Abu Al Bawi Irhabi
Consider this a customer testimonial that Honda Motor Co. Ltd. (TYO:7267) will not endorse.
“We, the Mujahideen, have won the war with Honda 125s,” boldly proclaims an article in the latest edition of Azan, a quarterly English-language publication started earlier this year by the Taliban to drum up support in the West for Islamic militant jihad.
Buried in pages of text extolling Islam, condemning idolatry and featuring a cover story calling for supporters in the West to join the Taliban’s fight is homage to Honda’s line of 125-cc workhorse motorbikes, a ubiquitous mode of transport created by the Japanese company in the 1970s for consumers in underdeveloped and developing markets, especially in traffic-congested cities like Rio and Mumbai. Since then, militant jihadists have embraced the bike for its durability and low cost. If you see a masked Talibani tooling around the Afghan back country, chances are he's riding on a 125-cc Honda motorbike.
In what could be the first vehicle review by a radical Islamist, the author writing under the name “Commander Muhammed bin Farooq” extols Honda’s little, low-cost motorcycle as a “Steed of War” for its ability to carry not only an extra militant but must-have accessories of the modern terrorist, like rockets, explosives and ammo. The motorbike’s safety bars, the article says, can be used to “tie bags and other items that don’t fit in the double side bag,” which itself can carry “small military items.”
Essentially the Taliban sees the bike as an essential tool in its battles. Small motorbikes have been used numerous times as ways to deliver explosives into urban areas crowded with traffic. On Dec. 5, a bomb was affixed to a small motorbike and detonated at a police checkpoint in restive Baluchistan province, Pakistan, killing one person and injuring 13. That attack came two weeks after a similar incident in nearby Quetta that killed five people, including a 7-year-old boy, and injured 30.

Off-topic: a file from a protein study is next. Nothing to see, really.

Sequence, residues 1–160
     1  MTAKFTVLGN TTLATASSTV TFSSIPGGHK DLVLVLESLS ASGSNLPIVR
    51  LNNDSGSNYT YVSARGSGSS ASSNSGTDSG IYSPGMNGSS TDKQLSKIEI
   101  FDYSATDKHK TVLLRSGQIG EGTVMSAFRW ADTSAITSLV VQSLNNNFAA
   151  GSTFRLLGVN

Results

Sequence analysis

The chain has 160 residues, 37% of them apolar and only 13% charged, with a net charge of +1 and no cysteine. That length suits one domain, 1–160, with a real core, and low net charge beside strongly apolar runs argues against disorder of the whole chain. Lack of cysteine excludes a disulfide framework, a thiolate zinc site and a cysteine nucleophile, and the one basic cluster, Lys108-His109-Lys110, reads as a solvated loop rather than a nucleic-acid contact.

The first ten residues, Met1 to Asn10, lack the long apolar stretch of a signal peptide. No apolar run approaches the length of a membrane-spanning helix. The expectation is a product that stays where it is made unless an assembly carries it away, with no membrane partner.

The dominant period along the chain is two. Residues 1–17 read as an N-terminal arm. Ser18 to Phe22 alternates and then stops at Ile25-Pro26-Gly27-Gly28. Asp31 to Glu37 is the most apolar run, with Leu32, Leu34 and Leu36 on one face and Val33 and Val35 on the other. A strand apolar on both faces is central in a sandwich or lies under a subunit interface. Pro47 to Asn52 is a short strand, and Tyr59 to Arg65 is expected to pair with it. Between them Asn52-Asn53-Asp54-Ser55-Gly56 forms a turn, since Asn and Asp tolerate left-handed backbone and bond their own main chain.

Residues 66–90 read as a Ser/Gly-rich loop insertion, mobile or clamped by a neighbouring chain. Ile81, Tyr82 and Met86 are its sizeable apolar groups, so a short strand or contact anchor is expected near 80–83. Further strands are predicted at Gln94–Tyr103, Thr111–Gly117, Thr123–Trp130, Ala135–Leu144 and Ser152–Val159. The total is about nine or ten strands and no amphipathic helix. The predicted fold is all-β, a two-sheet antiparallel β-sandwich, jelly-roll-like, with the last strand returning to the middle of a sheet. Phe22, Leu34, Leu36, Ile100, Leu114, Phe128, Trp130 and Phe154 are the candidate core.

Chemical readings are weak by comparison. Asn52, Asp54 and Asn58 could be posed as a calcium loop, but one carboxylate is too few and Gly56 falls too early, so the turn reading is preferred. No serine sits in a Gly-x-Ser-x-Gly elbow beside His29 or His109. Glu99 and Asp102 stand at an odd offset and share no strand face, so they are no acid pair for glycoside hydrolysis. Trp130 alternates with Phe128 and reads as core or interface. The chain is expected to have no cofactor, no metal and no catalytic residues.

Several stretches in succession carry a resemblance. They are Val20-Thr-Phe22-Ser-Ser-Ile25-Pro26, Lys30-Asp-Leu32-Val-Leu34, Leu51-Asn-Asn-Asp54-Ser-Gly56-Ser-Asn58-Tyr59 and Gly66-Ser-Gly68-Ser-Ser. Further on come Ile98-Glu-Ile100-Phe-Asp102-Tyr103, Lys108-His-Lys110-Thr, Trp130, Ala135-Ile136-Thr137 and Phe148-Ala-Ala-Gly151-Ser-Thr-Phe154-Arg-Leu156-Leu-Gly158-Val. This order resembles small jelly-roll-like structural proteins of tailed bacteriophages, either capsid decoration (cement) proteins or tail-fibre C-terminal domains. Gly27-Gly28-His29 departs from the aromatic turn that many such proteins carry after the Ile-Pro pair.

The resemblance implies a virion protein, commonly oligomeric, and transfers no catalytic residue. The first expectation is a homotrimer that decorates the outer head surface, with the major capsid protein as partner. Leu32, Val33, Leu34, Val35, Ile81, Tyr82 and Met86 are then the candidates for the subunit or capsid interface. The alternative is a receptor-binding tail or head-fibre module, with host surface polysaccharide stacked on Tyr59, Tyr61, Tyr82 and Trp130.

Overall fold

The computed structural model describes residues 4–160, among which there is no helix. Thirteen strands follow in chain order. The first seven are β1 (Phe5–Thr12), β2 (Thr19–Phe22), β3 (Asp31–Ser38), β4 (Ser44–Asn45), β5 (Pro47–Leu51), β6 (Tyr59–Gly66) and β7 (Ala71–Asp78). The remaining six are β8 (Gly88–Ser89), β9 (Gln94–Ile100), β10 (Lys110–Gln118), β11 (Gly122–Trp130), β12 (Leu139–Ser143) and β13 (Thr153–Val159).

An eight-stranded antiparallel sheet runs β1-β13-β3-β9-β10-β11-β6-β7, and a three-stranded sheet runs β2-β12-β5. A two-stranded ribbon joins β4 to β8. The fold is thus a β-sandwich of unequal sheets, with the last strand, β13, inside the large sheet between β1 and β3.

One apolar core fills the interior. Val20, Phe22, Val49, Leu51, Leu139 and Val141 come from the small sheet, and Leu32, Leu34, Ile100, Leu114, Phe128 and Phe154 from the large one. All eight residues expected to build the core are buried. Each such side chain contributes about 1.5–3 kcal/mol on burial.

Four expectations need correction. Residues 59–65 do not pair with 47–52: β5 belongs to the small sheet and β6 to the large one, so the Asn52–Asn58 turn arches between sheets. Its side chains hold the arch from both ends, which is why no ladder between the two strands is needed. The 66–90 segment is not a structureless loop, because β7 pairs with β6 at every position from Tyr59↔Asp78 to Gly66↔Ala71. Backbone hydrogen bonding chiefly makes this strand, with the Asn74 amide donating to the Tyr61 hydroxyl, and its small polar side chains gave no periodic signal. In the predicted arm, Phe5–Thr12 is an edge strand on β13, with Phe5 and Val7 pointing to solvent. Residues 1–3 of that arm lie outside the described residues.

Reports rarely mention the makes and models of vehicles used (and typically destroyed) in these attacks. In Pakistan the CG 125 Atlas, manufactured by Atlas Honda Ltd., a joint venture between Pakistan’s Atlas Group and Honda Motor Co. Ltd. (TYO:7267), is a very common mode of (legitimate) transport.
Honda says in its online history of its popular small motorbike that Takeshi Inagaki, who was in charge of developing motorbikes for developing countries, spent a month observing motorbike habits in Southeast Asia, Pakistan and Iran. What people wanted, it seemed, was a bike that could be overloaded.
"It was normal to see a child on the [gas] tank and the wife at the back, with two to four people riding together," Inagaki recalled. "And some people loaded vegetables, chickens and pigs onto their motorcycles. I even saw motorcycles towing loaded carts."
Dealers, he added, seemed to be spending more time trying to keep these bikes running than providing regular service and maintenance. So Honda decided that it needed to produce a bike that was “above all practical and durable.” The result was a lightweight inline single cylinder engine with a short pushrod, something that is easy to fix, needs much less routine maintenance, and could be loaded like a mule. In other words: a perfect bike for militants.
The Honda motorbike joins the Toyota HiLux pickup truck as the two most common modes of motorized transport for Islamic militants because of their dependability. This might not be an endorsement that the Japanese automakers are eager to accept, but the popularity of these two models among militants (Islamist or otherwise) really is a testament to just how successful Toyota and Honda have been in penetrating markets in some of the world’s poorest and most destabilized regions.
Read the latest issue of Azan here if you want a dose of jihadist propaganda.